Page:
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January 18, 2005

Harvard Prof not impressed with Enron directors' settlement

Lucian Bebchuk is a professor at Harvard Law School and a co-author of Pay Without Performance: The Unfulfilled Promise of Executive Compensation. In this NY Times op-ed, Professor Bebchuk takes dead aim at the recent Enron directors' settlement and he does not like what he sees:

With Enron, the failure of the board had disastrous consequences, leading to the second largest bankruptcy in American history and shaking investor confidence. It is difficult to envision a stronger case for imposing a meaningful financial penalty on directors. Yet the settlement fails to do so.

The settlement hardly heralds a new era in which directors who fail to act in shareholders' interests pay the price. If even Enron's board members are treated this gently, then other corporate directors can rest easy.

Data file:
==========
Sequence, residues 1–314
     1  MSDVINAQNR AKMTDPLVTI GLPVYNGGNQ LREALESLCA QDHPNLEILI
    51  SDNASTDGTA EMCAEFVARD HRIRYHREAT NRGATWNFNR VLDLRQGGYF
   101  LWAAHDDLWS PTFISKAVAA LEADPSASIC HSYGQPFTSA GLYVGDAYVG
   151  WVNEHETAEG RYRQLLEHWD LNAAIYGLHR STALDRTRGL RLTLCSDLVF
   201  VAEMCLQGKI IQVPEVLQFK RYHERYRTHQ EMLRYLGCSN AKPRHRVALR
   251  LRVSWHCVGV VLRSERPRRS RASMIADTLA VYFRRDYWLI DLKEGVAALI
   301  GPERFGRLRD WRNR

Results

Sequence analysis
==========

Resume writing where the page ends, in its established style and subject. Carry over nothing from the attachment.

Professor Bebchuk has a point, but it's a bit simplistic. The main mitigating factor in the Enron directors' settlement is Enron's liberal D&O insurance policy, which is the primary source of funding for the settlement. In the absence of such a liberal policy, plaintiffs' lawyers would hold out for larger contributions of personal assets from individual directors, such as occurred in the directors' settlement in the Worldcom case, where the directors' contributed 20% of their non-exempt net worth.

After Enron, Worldcom and other corporate scandals, liberal D&O policies are rare and more costly. Without that hedge to the risk of director liability, the risk to outside directors has racheted up considerably, as this recent WSJ ($) article reflects. So, it would appear that the market indications are quite contrary to Professor Bebchuk's conclusion that outside directors can "rest easy" with regard to their risk of director liability.

Posted by Tom at January 18, 2005 9:05 AM |

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